LAC-MÉGANTIC, Que. – The government of Canada and the government of Quebec have signed an agreement-in-principle to jointly fund a rail bypass project around the town of Lac-Mégantic, Quebec that was devastated by fire after a train loaded with oil cars exploded, killed 47 people and destroyed the downtown on July 6, 2013.
The 12.8 kilometre route with an estimated cost of $133 million was selected based on a feasibility study managed by the municipality of Lac-Mégantic. The study assessed technical characteristics, social impacts, territorial planning, environmental considerations, and grade crossings and culverts. The next phase of the study will clarify the cost for the rail bypass.
The Government of Canada provided financial support for the rail bypass feasibility study, which was managed by the municipality of Lac-Mégantic and conducted by the engineering firm AECOM.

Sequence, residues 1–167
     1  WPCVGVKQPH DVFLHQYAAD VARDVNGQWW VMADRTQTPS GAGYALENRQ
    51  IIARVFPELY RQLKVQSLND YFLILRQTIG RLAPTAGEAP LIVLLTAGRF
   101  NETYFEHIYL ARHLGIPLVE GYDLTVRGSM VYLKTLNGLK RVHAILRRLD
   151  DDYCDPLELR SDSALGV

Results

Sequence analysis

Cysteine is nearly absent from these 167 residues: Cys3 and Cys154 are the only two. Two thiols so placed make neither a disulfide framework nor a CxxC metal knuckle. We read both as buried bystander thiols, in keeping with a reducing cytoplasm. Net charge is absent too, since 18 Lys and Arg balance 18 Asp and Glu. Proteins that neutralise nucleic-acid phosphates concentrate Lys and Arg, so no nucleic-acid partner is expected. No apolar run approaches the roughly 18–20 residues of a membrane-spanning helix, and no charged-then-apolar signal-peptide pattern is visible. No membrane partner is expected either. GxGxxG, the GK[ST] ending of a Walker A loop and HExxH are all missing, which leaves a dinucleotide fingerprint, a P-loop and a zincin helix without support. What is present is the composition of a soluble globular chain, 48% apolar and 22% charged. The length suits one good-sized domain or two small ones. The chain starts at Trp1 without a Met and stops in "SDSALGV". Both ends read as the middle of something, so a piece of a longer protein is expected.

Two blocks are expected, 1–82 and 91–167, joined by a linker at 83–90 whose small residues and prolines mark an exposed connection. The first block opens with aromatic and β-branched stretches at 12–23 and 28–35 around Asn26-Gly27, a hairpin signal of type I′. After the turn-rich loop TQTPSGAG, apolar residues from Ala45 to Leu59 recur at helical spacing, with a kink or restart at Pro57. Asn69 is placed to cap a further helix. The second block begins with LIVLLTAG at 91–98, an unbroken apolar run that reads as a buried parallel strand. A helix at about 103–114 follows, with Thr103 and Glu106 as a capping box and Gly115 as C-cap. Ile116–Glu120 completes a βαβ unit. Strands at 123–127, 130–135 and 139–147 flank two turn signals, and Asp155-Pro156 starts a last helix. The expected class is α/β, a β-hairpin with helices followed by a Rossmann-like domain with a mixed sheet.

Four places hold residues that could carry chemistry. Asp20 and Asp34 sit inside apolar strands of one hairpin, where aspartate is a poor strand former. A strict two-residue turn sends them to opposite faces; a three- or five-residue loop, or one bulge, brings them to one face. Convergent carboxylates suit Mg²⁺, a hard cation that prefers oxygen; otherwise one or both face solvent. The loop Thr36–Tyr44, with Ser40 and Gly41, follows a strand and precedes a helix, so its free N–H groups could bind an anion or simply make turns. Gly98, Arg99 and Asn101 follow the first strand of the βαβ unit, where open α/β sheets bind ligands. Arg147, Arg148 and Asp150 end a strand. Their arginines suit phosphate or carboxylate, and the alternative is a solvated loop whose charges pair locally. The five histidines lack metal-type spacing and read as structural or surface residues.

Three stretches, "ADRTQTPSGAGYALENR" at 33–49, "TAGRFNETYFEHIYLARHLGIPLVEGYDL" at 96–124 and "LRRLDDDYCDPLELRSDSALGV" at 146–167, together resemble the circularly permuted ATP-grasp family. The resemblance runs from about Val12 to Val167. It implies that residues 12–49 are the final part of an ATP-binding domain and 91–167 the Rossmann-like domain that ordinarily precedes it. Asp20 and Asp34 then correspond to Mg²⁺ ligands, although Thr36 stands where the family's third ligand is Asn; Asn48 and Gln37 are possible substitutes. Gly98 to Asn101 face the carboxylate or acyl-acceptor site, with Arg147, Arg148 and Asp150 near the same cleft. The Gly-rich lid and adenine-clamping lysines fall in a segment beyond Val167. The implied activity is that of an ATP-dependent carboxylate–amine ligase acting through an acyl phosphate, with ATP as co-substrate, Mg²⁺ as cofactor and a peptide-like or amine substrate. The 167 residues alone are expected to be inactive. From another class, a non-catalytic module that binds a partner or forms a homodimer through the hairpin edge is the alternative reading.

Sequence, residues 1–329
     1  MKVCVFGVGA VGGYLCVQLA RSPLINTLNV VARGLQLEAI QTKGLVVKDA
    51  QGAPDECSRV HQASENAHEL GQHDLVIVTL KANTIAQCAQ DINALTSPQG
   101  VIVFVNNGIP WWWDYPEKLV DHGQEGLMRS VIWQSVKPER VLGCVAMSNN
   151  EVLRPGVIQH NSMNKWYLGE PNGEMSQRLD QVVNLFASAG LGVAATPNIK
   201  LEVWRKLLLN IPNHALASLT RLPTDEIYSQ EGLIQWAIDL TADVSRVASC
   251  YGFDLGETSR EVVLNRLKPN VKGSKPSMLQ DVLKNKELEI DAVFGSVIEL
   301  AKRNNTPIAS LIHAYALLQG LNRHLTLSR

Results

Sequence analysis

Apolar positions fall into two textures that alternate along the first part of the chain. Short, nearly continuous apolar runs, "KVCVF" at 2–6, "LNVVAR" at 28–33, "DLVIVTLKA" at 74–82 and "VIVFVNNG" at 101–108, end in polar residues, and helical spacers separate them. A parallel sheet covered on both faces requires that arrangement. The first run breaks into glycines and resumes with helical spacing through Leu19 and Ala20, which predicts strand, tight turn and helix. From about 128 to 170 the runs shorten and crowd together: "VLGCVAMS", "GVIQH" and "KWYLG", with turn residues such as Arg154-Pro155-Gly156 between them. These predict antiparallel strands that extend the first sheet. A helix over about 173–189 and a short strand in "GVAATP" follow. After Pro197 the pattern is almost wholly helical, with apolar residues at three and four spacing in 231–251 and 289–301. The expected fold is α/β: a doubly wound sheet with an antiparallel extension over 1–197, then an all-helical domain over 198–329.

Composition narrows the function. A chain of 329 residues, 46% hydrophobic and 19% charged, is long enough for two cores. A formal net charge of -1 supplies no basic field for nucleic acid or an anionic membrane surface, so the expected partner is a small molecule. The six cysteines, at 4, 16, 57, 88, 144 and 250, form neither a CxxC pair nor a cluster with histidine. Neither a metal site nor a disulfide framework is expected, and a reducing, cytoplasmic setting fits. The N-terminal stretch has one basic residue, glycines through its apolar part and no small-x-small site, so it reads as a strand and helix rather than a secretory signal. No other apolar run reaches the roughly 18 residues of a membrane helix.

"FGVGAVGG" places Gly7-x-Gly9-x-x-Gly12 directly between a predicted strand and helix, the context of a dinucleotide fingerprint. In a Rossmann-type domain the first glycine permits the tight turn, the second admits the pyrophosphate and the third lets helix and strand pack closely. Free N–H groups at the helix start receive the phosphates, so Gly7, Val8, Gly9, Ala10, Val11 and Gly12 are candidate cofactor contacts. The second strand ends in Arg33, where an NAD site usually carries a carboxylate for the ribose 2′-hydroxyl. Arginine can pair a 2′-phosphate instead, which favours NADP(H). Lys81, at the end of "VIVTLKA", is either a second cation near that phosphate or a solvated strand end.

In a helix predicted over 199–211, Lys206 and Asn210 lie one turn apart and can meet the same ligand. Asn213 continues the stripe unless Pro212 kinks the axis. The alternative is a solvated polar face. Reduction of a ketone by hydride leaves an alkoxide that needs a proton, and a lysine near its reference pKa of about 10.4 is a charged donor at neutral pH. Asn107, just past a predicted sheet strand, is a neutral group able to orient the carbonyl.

The federal government has also reached an agreement with the Central Maine & Quebec Railway, the project proponent, which will also own and operate the new rail infrastructure.
The Government of Canada will continue to work closely with Lac-Mégantic, the neighbouring municipalities of Frontenac and Nantes, the Government of Quebec, and other stakeholders to complete this important project, and support the community as it rebuilds itself once again into a beautiful, vibrant place to live, work, and visit.
“Hope and resilience have come to define the people of Lac-Mégantic,’ said prime minister Justin Trudeau. “For nearly five years, they have worked incredibly hard to recover and rebuild, and create a better future for their community. Today, we take another step forward. And while we know there are some wounds that can never heal, we sincerely hope this new rail bypass marks a new beginning for the people of Lac-Mégantic.”
The Government of Canada will fund 60 per cent of the total cost of the rail bypass project.